I see a lot of Excel questions, but also ones involving command lines, batch files, and other similar scripts, that entail some mental challenge. I'm not referring to ones where a novice needs some basics and the solution is straightforward.
Users will post what looks like a good answer, reflecting a significant time investment to figure out the solution and write it up. Often, the solution is obtuse, or long and complex, not something you can glance at and recognize that it will obviously work. The author may include explanations of how and why the components of the formulas should work.
But people sometimes don't bother to actually test it, or fully test it against the range of conditions in the question. Even if they test it, they don't go the last mile to include a demonstration of the results, like a screenshot of the output, so there's no way to know the extent of any testing. In some cases, the sample output could also add value by showing exactly what the results will look like, which can make it easier to understand the formulas.
Without that, I can't tell if it's correct without investing the time to recreate the spreadsheet. Sometimes just dissecting the formulas can miss the same error as the author did on something untested that looks superficially like it should probably work. There have been countless times where somebody has posted a solution that looked great, then the OP or another reader commented that it didn't work, or the author returned later and changed it because they discovered that it didn't work.
So I don't like to upvote the answer if I don't know that it actually works. If I happen to catch it later, and the OP has accepted it or commented that it worked, I can take that as evidence. But at least for me, a lot of contributors are leaving easy upvotes on the table by not "finishing" the answer.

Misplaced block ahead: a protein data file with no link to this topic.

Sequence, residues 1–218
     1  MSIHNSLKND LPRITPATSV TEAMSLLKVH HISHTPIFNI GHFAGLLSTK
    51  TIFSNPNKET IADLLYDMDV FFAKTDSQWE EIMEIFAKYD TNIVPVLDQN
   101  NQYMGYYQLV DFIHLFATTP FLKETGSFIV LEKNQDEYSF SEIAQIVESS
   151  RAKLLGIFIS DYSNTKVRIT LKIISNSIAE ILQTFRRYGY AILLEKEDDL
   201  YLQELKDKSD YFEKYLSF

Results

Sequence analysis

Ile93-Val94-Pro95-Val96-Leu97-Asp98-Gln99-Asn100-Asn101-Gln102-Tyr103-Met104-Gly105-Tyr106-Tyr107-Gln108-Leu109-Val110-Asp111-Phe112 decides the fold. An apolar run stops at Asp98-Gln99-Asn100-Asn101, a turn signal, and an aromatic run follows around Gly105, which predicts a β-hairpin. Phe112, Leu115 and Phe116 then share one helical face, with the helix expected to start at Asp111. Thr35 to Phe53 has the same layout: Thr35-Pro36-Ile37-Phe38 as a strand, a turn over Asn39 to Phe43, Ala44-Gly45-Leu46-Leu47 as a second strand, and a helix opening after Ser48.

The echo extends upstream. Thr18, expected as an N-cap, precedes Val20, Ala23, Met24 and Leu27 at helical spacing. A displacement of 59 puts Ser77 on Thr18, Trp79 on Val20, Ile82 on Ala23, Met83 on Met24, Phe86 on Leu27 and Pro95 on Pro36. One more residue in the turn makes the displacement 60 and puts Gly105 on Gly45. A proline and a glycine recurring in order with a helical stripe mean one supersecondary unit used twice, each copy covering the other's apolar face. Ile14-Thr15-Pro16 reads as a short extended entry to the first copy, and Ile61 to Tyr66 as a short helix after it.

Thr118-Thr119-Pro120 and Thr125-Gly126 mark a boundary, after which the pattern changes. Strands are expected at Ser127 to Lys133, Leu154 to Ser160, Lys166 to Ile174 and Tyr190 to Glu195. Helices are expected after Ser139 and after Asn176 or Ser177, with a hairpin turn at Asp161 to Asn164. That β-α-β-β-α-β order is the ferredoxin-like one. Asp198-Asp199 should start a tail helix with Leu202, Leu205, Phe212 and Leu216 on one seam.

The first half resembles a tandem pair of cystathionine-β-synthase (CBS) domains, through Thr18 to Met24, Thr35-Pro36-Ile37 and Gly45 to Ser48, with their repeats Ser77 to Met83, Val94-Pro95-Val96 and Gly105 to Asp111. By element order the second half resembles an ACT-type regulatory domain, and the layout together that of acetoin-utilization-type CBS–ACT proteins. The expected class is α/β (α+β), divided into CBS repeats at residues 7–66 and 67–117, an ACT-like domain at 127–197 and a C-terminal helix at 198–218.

I suppose I could leave a comment. But then I would look like the only dummy for whom the result wasn't obvious. And the author may have discarded their work by the time I comment, so going back to reconstruct it may seem like too much effort at that point.
My guess is that the author is focused on satisfying the OP, and expects that the OP will be doing the verification. But that misses the community at large. Good answers should address the audience beyond the OP; "proven" solutions.
It could be that my expectation is excessive relative to the majority of users, so my questions:
- In terms of the potential scope of lost rep opportunity for contributors, do people besides me not upvote answers that they can't easily verify?
- Do others agree that on non-obvious or non-trivial answers, it's important to include the results as proof?
- If so, is there something we can do to educate and encourage authors to do that?